The purpose of Knight Soul of the Community is to provide communities a roadmap for understanding what attaches residents to their community and why it matters – not to be prescriptive on what communities should do with the information. However, the findings do point to some general implications and suggestions, some of which the community may be already undertaking, or provide new opportunities for consideration.
Like the other 25 communities studied in Soul of the Community, Boulder’s key attachment drivers are social offerings, aesthetics and openness. However, it is not as simple as identifying best practices in each of these areas and replicating them everywhere. Instead, as the name implies, Soul of the Community encourages a conversation about a community’s soul or essential essence as a place around these key drivers. Some possible questions to ask are: What is it about our aesthetics/social offerings/welcomeness that is unique to our community? Where do we excel or struggle in those areas? Using that information to optimize those drivers to encourage resident attachment—and potentially local economic growth – is what Soul of the Community seeks to accomplish.
Attachment to Boulder has increased during the three years of the study. This finding alone helps to demonstrate that attachment to place is about more than jobs and the economy. The things that most attach residents to the area – social offerings, openness and aesthetics – and the general rating of these areas by residents have remained basically unchanged during all three years of the study.
A consistent and clear strength of Boulder in the eyes of its residents is the area’s parks, playgrounds and trails which are rated similarly to the natural beauty of the area, due to a significant jump in the rating of parks, playgrounds and trails in 2010. Ratings of aesthetics in the Boulder area far surpass those in its comparison communities, which includes high-performing coastal communities. This is a central strength the community should leverage.
An additional strength is Boulder’s relatively high ratings of welcomeness to young talent. In 2009, young talent was perceived as significantly more welcome than the year before, and this gain was maintained in 2010. Boulder was one of the very few communities studied that had a significant increase in perceived welcomeness to young talent in any year of the study. This important and unique momentum is critical to maintain.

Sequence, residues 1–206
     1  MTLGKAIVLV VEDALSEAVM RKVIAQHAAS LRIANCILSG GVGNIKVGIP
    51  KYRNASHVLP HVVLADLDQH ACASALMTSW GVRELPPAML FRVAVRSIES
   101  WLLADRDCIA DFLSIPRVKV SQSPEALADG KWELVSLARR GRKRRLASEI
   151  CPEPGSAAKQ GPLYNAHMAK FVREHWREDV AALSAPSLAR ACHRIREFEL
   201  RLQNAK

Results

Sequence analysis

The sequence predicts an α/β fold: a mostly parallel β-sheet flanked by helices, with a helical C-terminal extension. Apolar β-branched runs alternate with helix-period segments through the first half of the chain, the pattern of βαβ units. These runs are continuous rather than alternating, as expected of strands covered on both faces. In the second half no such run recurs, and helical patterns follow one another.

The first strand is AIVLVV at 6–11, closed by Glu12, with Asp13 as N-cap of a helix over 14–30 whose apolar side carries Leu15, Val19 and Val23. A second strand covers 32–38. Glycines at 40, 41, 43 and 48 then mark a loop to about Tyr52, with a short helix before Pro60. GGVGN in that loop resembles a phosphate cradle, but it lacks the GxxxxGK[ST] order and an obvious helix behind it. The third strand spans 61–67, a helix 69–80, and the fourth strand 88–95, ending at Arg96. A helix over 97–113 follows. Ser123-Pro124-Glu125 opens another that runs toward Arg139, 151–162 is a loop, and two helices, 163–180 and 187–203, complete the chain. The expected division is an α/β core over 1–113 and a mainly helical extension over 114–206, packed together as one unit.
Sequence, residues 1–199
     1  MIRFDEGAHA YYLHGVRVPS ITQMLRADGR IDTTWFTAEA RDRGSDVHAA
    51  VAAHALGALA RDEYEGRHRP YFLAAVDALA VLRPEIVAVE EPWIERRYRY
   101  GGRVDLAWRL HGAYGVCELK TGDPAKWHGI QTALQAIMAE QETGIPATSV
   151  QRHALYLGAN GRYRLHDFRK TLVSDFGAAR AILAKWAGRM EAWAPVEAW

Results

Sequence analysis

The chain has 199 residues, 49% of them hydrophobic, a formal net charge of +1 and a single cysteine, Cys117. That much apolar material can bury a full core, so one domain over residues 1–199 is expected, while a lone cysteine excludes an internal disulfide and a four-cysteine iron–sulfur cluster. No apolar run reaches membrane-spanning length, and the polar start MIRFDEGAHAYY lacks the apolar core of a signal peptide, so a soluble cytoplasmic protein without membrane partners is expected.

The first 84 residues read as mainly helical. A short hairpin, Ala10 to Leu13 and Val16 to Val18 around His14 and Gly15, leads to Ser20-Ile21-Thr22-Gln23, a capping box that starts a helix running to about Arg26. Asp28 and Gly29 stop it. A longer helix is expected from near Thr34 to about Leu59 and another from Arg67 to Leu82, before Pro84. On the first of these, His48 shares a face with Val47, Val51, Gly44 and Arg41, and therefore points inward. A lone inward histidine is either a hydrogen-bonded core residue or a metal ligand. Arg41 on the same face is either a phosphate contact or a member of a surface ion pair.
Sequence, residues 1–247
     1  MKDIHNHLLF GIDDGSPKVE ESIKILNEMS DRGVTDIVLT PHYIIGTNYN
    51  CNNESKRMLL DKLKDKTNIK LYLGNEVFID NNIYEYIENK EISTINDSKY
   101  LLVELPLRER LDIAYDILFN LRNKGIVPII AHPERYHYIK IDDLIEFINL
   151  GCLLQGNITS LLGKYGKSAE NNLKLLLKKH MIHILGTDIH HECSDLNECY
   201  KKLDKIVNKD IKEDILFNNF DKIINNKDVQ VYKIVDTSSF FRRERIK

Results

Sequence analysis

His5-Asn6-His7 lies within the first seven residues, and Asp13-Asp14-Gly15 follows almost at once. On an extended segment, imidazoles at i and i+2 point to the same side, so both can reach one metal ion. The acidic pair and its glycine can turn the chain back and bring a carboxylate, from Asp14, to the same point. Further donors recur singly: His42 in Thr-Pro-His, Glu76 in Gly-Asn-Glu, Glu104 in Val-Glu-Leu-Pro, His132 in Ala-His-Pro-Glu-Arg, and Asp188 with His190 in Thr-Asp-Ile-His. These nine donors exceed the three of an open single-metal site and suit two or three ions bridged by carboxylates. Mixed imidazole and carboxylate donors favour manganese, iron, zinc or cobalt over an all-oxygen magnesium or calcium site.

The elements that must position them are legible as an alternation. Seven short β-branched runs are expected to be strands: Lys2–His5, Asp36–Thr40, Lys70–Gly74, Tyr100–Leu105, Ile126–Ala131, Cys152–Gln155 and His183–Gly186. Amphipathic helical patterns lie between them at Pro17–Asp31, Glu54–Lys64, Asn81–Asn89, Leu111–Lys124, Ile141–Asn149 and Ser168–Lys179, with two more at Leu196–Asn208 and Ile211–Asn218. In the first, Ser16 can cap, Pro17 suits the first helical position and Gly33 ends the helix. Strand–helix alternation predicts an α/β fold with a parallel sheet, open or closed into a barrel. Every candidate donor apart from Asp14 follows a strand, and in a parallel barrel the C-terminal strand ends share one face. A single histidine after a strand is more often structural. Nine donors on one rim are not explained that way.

Despite having higher ratings than its comparison communities, social offerings remains a challenge area for Boulder, particularly the perception that residents care about each other. This must be addressed as social offerings are particularly important to young people.
Additionally, the community’s perceived openness is another challenge area, despite its gains with young talent. Although residents rate it as fairly welcoming to young adults, young families and gays and lesbians, it has lower ratings in welcomeness to all other groups. For attachment to continue to grow and for people to want to come and stay in Boulder, all residents must feel welcomed there.
Clearly, Boulder has made unique and significant gains in recent years in feeling like a welcoming place for young talent. This finding coupled with its upward trending levels of attachment position Boulder as a community on the rise if it can maintain and even improve this momentum. The community should market its clear strength in aesthetics and welcomeness to young talent as a hallmark differentiator between it and comparable communities.
Additionally, creating social offerings that take advantage of the aesthetics is warranted. The community should continue to provide arts and cultural opportunities and social community events, but it should focus more on using them to build resident caring in the community. For example, have the young professionals lead a series of community events in the arts district or along the riverfront or beach so they can volunteer their professional expertise to other groups in the community (tax help for young families, English as second language service for new local citizens, showcasing local bands, etc.). This will improve perceptions of openness to all while also potentially improving the perception of residents caring for each other.